April 4, 2016

12938288_10153424907261512_2106326764660237108_n“Doctor, he won’t eat. He won’t take any milk, either.”

I look down at a bawling 21 month old, his mouth covered with sugary glaze; his attempts to fight me off from examining him are futile, given he won’t let go of the lollipop he has fisted tightly in each hand.

“Of course he won’t!”

Today (technically, yesterday, given the time I’m writing this) was spent in Irbid, one of the largest cities of Jordan and about a 90 minute drive north. A college town, it has a highly educated population as well as a medical school. As such, it became a magnet for Syrians with some means and savings who came once the revolution began. They were able to maintain a certain level of existence for a time; however, years of conflict have meant that any comforts have been stripped away. The inability to work legally for five years has extinguished nearly every savings account. Today, one social activist told me that 90,000 Syrian children in Jordan are out of school as they cannot legally attend one.

In some ways, these children are also more medically desperate than those in the camp; without any subsidized access to health care, even vaccination is not reliably performed. However, the mere presence in a city means that the occasional treat – such as lollipops – may be enjoyed.

After discussing nutrition with the lollipop-slathered child’s mother, I saw another 40 patients or so without stop. Again, most of these cases were common; otitis media, gastroenteritis, and rashes. After a run of these cases, a mother brought her 5 year old daughter in. Her story began as thus:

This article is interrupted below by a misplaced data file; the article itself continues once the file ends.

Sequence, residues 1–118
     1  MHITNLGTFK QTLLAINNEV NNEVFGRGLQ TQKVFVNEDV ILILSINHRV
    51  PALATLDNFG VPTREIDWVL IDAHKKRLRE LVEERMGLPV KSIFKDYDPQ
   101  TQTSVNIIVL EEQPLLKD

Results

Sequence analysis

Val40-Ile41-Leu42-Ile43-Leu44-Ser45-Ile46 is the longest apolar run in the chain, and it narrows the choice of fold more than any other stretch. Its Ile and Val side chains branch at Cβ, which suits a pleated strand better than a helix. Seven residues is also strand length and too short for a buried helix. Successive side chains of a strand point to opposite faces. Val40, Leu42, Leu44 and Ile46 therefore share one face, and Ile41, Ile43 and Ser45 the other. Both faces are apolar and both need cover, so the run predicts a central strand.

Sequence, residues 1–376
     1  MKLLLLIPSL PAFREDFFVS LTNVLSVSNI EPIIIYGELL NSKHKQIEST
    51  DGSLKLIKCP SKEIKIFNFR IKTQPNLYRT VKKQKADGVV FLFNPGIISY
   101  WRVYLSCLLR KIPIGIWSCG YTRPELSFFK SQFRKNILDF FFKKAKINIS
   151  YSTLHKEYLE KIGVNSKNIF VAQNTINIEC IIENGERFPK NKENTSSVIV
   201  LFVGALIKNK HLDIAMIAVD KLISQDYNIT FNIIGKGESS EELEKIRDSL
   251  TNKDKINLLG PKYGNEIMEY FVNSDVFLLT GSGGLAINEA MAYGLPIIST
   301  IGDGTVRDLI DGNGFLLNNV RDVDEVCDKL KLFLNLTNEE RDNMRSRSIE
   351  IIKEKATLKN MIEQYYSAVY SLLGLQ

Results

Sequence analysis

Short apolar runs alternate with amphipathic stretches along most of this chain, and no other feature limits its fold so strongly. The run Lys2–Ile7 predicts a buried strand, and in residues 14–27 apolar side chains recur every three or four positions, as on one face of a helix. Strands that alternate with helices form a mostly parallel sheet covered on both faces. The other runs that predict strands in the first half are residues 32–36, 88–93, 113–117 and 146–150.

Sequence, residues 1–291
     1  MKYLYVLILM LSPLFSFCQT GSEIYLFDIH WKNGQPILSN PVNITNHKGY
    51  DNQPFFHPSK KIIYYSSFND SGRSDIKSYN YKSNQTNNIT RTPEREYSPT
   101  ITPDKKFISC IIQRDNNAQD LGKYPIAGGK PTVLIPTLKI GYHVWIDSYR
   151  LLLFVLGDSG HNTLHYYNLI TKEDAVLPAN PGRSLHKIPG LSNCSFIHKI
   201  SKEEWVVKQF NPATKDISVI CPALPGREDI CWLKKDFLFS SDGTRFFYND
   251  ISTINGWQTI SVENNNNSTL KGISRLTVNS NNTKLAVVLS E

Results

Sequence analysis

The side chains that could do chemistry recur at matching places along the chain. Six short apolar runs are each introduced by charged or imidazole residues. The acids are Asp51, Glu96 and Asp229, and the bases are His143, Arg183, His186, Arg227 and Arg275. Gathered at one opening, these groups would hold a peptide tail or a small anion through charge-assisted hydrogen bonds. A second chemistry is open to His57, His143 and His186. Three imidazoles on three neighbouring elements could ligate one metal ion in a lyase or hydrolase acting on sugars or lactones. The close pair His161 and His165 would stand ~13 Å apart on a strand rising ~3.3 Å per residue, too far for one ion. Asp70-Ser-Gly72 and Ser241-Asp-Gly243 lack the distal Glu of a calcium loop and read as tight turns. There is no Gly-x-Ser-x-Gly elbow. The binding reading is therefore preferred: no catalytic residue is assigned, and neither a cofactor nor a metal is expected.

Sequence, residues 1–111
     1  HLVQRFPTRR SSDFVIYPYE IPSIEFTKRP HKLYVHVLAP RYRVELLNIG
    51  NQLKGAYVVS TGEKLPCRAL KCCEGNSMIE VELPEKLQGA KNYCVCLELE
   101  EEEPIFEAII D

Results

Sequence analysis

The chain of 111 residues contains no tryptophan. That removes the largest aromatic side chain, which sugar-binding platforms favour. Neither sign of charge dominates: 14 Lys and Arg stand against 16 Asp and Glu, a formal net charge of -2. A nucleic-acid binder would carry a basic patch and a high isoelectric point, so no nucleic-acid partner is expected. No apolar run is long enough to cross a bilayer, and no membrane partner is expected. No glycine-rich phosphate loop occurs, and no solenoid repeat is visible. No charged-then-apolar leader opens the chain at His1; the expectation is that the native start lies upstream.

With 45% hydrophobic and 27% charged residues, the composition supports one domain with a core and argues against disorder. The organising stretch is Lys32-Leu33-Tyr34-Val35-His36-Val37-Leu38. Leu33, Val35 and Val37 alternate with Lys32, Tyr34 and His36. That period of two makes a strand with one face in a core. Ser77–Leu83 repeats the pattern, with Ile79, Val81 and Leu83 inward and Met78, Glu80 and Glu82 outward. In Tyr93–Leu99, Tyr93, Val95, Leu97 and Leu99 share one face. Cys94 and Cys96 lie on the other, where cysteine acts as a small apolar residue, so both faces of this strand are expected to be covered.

“When she was six months old, I was in a horrible accident. I had to have multiple surgeries, and I kept breast feeding her the whole time.”

Puzzled, and wondering if fatigue was making my Arabic even more second generation that is usually is, I asked her to repeat the sentence; after which she added:

“Since then, many things have gone wrong. Her teeth are all black.”

Tickling her to create a smile, I verified the color of her upper incisors; they, however, appeared to be with caries.

After another minute of apparently confusing history, the girl’s mother then concluded, “And now, she still won’t speak. Another doctor told me she needs vitamins, but that didn’t help”

Suddenly, things came into focus. I could get the girl to follow simple commands – but I couldn’t stop her from walking away when she wanted to. Her social interaction appeared occasional, but fleeting.

Gently but quickly given the line outside my door, I brought up the possibility of “marad at-tawahhud” – autism. Asking for the help of a Jordanian family practitioner working in the clinic with us, I explained that what her daughter may have is a structural problem with the neurons of the brain, one that diet and vitamins won’t fix. I directed that she should try to pursue an evaluation for development and occupational and speech therapies. What followed was the question I dreaded.

“Where can I go to get that?”

Because she is a refugee, I don’t have an answer for her.